A new Amnesty International report has slammed the companies running day-to-day services in Australia's offshore detention centres as profiting from torture and human rights abuses.
The report says Ferrovial, the Spanish corporation which owns the company responsible for running services on Nauru and Manus Island, is making millions from the offshore camps where Australia has parked approximately 1,200 asylum seekers and refugees.
Graham Thom, Amnesty International's refugee coordinator, told BuzzFeed News the report focussed on Ferrovial and contract holder Broadspectrum as the companies played a central role in the treatment of refugees and asylum seekers.
"While the Australian government has laid down the blueprint for the abuse that's occurring, it couldn't happen without private companies agreeing to these contracts," he said.
"Sending people offshore, warehousing people, putting them in institutions where they can put up a wall of secrecy around them, and then using companies to help maintain that secrecy."
The report, titled Treasure I$land’: How companies are profiting from Australia’s abuse of refugees on Nauru, alleges Broadspectrum failed to meet its human rights responsibilities on Nauru in the following four ways:
* By causing human rights abuses;
* By contributing to the Australian government's violations of refugee rights;
* By failing to implement its own human rights policy and;
* By failing to undertake due diligence.
It contends that Ferrovial, as Broadspectrum's sole shareholder, is responsible for those failings as well.
Thom said the confusing setup of the centres – in which the Australian government, Broadspectrum and the governments of Nauru or PNG play pass the buck on various issues – allows each party to avoid responsibility for what is occurring.
"We have billions of dollars being spent and no clear statement from anybody about who is running the centres," he said.
A 2016 report from the Australian National Audit Office estimated that the Australian government spent over AUD$573,000 holding each person in offshore detention per year.
"In terms of what that money has actually bought, we have families, women with small children, living in mouldy tents on Nauru. We're spending half a million dollars a year on each of those people, and they're living in appalling conditions. This is designed to be deliberately cruel," Thom said.
The Amnesty report states that the Broadspectrum detention centre contract is worth $2.5 billion over three-and-a-half years. In its 2016 annual report, Ferrovial noted total revenues from Broadspectrum as €1.4 billion. It is unknown how much of that comes from running the Manus Island and Nauru centres.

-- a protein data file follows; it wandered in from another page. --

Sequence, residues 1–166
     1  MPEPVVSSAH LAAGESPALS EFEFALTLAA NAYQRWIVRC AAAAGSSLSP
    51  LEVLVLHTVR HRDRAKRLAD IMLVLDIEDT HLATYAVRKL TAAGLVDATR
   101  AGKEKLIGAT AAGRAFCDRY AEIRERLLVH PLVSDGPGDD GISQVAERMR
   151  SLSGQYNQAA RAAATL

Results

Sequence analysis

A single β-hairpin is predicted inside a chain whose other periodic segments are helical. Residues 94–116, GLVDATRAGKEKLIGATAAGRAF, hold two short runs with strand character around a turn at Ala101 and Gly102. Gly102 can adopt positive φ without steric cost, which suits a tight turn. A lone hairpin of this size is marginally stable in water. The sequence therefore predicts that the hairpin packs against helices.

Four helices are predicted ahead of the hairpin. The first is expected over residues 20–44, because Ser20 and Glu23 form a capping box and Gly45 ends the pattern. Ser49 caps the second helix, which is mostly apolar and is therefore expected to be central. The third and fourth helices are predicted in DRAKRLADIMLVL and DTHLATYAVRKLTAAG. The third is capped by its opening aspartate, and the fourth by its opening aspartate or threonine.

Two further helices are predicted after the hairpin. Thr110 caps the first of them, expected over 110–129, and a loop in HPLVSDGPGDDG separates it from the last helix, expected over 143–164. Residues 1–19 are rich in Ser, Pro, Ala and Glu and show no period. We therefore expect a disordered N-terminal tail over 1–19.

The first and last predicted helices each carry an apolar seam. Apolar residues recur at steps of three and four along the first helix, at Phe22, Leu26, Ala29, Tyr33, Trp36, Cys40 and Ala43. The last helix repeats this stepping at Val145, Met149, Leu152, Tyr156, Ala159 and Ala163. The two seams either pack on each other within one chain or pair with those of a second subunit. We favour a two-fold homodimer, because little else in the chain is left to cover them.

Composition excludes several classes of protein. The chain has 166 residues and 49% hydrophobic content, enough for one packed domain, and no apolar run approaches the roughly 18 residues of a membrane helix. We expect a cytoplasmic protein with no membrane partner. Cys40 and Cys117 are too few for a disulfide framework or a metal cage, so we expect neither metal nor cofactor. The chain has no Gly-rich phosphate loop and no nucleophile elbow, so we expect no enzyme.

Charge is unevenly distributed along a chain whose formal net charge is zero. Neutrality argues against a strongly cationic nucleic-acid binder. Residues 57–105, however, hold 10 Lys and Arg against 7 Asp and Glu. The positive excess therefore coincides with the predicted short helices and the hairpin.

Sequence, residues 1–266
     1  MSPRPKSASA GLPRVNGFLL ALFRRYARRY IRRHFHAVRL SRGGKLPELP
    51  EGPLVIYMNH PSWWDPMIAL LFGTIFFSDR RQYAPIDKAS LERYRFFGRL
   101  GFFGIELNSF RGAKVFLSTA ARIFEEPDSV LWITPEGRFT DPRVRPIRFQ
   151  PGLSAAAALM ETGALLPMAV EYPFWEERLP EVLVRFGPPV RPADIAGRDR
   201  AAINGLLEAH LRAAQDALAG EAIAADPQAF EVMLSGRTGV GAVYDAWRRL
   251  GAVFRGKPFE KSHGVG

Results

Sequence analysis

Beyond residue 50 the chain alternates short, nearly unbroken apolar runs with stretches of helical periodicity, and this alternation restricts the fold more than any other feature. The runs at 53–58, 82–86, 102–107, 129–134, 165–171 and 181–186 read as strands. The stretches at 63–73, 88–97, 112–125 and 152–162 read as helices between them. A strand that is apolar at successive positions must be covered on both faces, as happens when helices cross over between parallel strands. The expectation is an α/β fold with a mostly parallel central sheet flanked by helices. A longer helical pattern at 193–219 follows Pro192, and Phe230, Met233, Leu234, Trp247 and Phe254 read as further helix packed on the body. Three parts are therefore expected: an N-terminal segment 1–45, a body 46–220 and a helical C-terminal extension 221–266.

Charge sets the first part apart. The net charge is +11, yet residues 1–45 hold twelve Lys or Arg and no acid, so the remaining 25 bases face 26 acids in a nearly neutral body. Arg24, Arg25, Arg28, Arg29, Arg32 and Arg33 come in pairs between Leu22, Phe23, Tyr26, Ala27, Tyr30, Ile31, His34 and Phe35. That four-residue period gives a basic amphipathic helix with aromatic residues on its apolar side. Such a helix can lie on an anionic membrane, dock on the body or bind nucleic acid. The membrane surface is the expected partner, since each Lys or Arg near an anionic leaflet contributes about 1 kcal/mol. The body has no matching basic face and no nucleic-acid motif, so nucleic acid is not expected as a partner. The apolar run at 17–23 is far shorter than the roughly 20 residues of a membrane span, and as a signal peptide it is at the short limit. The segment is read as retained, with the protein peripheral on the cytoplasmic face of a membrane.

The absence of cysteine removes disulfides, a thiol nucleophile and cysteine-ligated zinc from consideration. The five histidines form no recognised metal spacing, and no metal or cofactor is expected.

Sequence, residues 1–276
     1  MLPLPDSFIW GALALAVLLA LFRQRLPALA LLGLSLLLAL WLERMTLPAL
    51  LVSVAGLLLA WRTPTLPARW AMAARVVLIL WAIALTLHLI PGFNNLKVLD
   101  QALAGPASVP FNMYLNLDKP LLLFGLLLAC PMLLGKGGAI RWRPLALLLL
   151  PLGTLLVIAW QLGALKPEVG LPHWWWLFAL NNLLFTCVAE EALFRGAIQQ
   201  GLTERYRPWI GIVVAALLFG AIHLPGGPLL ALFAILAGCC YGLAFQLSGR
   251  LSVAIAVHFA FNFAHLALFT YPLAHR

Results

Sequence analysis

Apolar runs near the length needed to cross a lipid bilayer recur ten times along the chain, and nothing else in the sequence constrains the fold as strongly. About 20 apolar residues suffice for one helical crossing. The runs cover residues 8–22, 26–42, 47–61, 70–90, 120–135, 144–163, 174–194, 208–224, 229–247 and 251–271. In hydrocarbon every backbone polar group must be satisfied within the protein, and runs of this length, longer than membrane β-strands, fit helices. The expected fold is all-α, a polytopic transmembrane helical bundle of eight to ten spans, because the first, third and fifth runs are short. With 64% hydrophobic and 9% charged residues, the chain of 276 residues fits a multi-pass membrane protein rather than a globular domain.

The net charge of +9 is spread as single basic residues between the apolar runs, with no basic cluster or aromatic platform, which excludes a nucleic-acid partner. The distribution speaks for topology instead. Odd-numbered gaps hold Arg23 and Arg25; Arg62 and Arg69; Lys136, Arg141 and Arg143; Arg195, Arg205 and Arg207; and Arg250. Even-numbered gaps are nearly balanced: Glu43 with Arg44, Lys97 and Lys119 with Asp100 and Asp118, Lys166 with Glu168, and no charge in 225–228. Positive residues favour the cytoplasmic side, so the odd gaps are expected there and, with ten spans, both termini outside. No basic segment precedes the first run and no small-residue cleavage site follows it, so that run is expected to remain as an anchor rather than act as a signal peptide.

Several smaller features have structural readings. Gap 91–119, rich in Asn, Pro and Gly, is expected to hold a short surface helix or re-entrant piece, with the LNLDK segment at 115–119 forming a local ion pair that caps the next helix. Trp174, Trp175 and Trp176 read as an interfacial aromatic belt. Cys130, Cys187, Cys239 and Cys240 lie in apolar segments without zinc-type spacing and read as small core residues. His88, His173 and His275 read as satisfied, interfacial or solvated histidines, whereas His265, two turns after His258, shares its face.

Broadspectrum CEO Fidel López and Ferrovial head of communication Juan Francisco Polo rejected the claims made by Amnesty in a statement annexed to the report.
"Broadspectrum does not agree with the multiple assertions that we have caused, contributed to, or are complicit in, human rights abuses," it read.
"The care and wellbeing of asylum seekers and refugees is paramount in our processes and actions. We work cooperatively with independent third parties to review our services and implement suggestions that might improve the wellbeing of asylum seekers and refugees."
López and Polo wrote that Broadspectrum maintains "strict procedures" in the delivery of services on Manus and Nauru, "including prevention and response processes, and regularly ensure due diligence is applied to our contracts and subcontractors".
"We welcome any suggestions that [Amnesty International] would like to make that might improve the wellbeing of asylum seekers and refugees through our delivery of welfare-led facilities management services."
But the Spanish company will not bid for a new contract with the Australian government when the current one expires in October 2017.
Amnesty International researcher on business and human rights, Lucy Graham, sounded a warning to companies considering replacing Broadspectrum.
"Any company or organisation considering taking up this toxic baton will be complicit in an intentionally abusive system, in direct contravention of its human rights responsibilities, and will be exposing itself to potential criminal liability and damages claims," she said.
"The regime of cruelty at the refugee processing centre on Nauru leaves a stain that no responsible company would want on its conscience or reputation."
The president of Nauru, Baron Waqa, is landing in Australia today and will meet with prime minister Malcolm Turnbull and foreign minister Julie Bishop over the course of a four day visit.
Lane Sainty is a reporter for BuzzFeed News and is based in Sydney, Australia.
Contact Lane Sainty at firstname.lastname@example.org.
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